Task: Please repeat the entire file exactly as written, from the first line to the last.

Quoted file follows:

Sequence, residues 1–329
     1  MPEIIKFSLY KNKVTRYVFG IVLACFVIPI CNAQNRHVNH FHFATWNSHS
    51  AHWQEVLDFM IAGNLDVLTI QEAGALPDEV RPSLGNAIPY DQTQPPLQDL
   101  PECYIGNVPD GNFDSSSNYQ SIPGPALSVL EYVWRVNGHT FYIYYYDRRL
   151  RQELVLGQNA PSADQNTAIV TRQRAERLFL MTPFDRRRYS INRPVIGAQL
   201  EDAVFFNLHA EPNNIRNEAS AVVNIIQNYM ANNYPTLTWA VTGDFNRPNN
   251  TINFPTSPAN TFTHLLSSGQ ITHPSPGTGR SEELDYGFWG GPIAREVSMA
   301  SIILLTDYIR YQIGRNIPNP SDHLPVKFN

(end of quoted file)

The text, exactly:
Sequence, residues 1–329
     1  MPEIIKFSLY KNKVTRYVFG IVLACFVIPI CNAQNRHVNH FHFATWNSHS
    51  AHWQEVLDFM IAGNLDVLTI QEAGALPDEV RPSLGNAIPY DQTQPPLQDL
   101  PECYIGNVPD GNFDSSSNYQ SIPGPALSVL EYVWRVNGHT FYIYYYDRRL
   151  RQELVLGQNA PSADQNTAIV TRQRAERLFL MTPFDRRRYS INRPVIGAQL
   201  EDAVFFNLHA EPNNIRNEAS AVVNIIQNYM ANNYPTLTWA VTGDFNRPNN
   251  TINFPTSPAN TFTHLLSSGQ ITHPSPGTGR SEELDYGFWG GPIAREVSMA
   301  SIILLTDYIR YQIGRNIPNP SDHLPVKFN